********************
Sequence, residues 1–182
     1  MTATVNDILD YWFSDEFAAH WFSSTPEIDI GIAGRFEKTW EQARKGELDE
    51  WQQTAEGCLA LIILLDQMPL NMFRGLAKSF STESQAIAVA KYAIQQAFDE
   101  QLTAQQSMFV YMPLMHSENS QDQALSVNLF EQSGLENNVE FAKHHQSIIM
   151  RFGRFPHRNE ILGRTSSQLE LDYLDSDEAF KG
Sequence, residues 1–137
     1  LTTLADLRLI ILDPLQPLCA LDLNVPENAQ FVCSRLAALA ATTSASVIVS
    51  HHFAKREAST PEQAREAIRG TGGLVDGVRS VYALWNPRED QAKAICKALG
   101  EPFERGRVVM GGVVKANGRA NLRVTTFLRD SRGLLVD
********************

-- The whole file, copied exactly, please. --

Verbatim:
Sequence, residues 1–182
     1  MTATVNDILD YWFSDEFAAH WFSSTPEIDI GIAGRFEKTW EQARKGELDE
    51  WQQTAEGCLA LIILLDQMPL NMFRGLAKSF STESQAIAVA KYAIQQAFDE
   101  QLTAQQSMFV YMPLMHSENS QDQALSVNLF EQSGLENNVE FAKHHQSIIM
   151  RFGRFPHRNE ILGRTSSQLE LDYLDSDEAF KG
Sequence, residues 1–137
     1  LTTLADLRLI ILDPLQPLCA LDLNVPENAQ FVCSRLAALA ATTSASVIVS
    51  HHFAKREAST PEQAREAIRG TGGLVDGVRS VYALWNPRED QAKAICKALG
   101  EPFERGRVVM GGVVKANGRA NLRVTTFLRD SRGLLVD